# Java Game: A* Algorithm (searching only cells in front of character)

Game Type: grid tile map that is turned based

Directions allowed: Left, Forward, Right (to reverse directions you must either use two lefts or two rights) - both left and right moves diagonal but change the face of the ship depending on original face)

Slots: Depending on ship size there are a certain number of slots for that particular ship for user to enter to allow the ship to move that many spots per turn (ie. 3 slots == 3 moves per turn)

Example:

Start Position: 2,2

Start face: North

Move Placed: Left

End Result: Position: 1,3 ; Face: West

Problem: algorithm uses all 8 tiles for path finding; but should only look for the tiles that are in front (depends on ship face)

Node class:

public class AStarNode {

public Position position;
public VesselFace face;
public AStarNode parent;
public double fCost, gCost, hCost;

public AStarNode(Position position, VesselFace face, AStarNode parent, double gCost, double hCost) {
this.position = position;
this.face = face;
this.parent = parent;
this.gCost = gCost;
this.hCost = hCost;
this.fCost = this.gCost + this.hCost;
}

}


Pathfinding calculation:

    private Comparator<AStarNode> nodeSorter = new Comparator<AStarNode>() {

@Override
public int compare(AStarNode n0, AStarNode n1) {
if(n1.fCost < n0.fCost) return 1;
if(n1.fCost > n0.fCost) return -1;
return 0;
}

};

public List<AStarNode> findPath(Position start, Position goal){
List<AStarNode> openList = new ArrayList<AStarNode>();
List<AStarNode> closedList = new ArrayList<AStarNode>();
AStarNode current = new AStarNode(start, null, 0, start.distance(goal));
while(openList.size() > 0) {
Collections.sort(openList, nodeSorter);
current = openList.get(0);
if(current.position.equals(goal)) {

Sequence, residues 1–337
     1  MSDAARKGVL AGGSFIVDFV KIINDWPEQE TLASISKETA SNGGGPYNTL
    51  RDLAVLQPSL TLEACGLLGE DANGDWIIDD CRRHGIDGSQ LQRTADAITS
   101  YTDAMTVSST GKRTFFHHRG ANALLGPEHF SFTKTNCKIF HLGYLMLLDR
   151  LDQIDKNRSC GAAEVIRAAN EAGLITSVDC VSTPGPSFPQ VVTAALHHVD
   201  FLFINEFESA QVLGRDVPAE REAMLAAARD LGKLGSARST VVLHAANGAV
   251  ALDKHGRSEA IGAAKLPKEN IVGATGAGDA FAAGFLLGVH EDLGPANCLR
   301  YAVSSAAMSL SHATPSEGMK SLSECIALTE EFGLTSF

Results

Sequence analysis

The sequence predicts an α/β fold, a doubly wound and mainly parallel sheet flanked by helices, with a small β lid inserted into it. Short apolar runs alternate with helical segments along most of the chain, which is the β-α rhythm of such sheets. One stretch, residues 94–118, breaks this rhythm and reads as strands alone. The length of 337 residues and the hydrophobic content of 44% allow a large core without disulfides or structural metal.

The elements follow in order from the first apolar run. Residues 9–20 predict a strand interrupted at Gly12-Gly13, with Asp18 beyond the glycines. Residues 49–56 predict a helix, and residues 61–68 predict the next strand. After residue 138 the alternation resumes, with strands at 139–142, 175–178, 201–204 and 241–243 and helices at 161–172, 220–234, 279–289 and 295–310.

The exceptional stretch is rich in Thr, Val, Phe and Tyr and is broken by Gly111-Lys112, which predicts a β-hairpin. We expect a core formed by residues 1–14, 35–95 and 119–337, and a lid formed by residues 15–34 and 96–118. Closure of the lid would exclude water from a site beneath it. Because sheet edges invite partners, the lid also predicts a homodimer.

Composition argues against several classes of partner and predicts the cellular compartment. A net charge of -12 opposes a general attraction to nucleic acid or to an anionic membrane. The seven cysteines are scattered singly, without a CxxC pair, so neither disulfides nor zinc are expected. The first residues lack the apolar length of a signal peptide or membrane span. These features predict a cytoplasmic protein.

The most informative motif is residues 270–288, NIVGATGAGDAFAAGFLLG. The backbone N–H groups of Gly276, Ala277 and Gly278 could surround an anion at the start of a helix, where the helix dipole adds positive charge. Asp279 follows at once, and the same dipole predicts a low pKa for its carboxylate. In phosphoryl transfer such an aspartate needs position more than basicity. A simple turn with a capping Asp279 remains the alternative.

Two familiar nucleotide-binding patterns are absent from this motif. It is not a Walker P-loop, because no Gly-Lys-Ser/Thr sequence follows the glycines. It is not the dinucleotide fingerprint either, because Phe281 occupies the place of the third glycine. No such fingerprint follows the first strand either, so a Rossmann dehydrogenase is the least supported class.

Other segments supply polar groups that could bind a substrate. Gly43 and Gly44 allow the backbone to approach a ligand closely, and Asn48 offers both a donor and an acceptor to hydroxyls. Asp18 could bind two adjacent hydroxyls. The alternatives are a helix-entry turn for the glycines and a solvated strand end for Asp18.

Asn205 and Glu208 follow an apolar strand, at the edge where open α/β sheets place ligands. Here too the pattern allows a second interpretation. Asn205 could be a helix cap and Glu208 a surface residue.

List<AStarNode> path = new ArrayList<AStarNode>();
while(current.parent != null) {
current = current.parent;
}
openList.clear();
closedList.clear();
return path;
}
openList.remove(current);
for(int i = 0; i < 9; i++) {
if (i == 4)continue;
int x = current.position.getX();
int y = current.position.getY();
int xi = (i % 3) - 1;
int yi = (i / 3) - 1;
int at = context.getMap().getTile(x + xi, y + yi);
if(at == 1 || at == 2) continue; // ignore rocks
Position a = new Position(x + xi, y + yi);
double gCost = current.gCost + current.position.distance(a);
double hCost = a.distance(goal);
AStarNode node = new AStarNode(a, current, gCost, hCost);
if(positionInList(closedList, a) && gCost >= node.gCost) continue;
if(!positionInList(openList, a) || gCost < node.gCost) openList.add(node);
}
}
closedList.clear();
return null;
}

private boolean positionInList(List<AStarNode> list, Position position) {
for(AStarNode n : list) {
if(n.position.equals(position)) return true;
}
return false;
}


Implementation:

@Override
public void calculateRoute() {
Position destination = new Position(3,3); // replace with cluster
if(this.equals(destination)) {
return;
}based
path = context.getPlayerManager().findPath(this, destination);
VesselFace face = getFace();
if(path != null) {
if(path.size() > 0) {
int numberOfMoves = getVessel().has3Moves() ? 3 : 4;
Position currentPosition = this.copy();
for(int slot = 0; slot <= numberOfMoves; slot++) { //moves to enter
int positionIndex = (path.size() - 1) - (slot); //subtract slot to allow multiple moves
if(positionIndex < 0 || path.size() < slot) { // make sure it doesn't count too far
return;
}
Position pos = path.get(positionIndex).position;
Position left = MoveType.LEFT.getFinalPosition(currentPosition, face);
Position right = MoveType.RIGHT.getFinalPosition(currentPosition, face);
Position forward = MoveType.FORWARD.getFinalPosition(currentPosition, face);
if(left.equals(pos)) {
currentPosition.add(left.getX() - getX(), left.getY() - getY());
getMoves().setMove(slot, MoveType.LEFT);
switch(face) {
case NORTH:
face = VesselFace.WEST;
break;
case SOUTH:
face = VesselFace.EAST;
break;
case WEST:
face = VesselFace.SOUTH;
break;
case EAST:
face = VesselFace.NORTH;
break;
}
}else if(right.equals(pos)) {
currentPosition.add(right.getX() - getX(), right.getY() - getY());
getMoves().setMove(slot, MoveType.RIGHT);
switch(face) {
case NORTH:
face = VesselFace.EAST;
break;
case SOUTH:
face = VesselFace.WEST;
break;
case WEST:
face = VesselFace.NORTH;
break;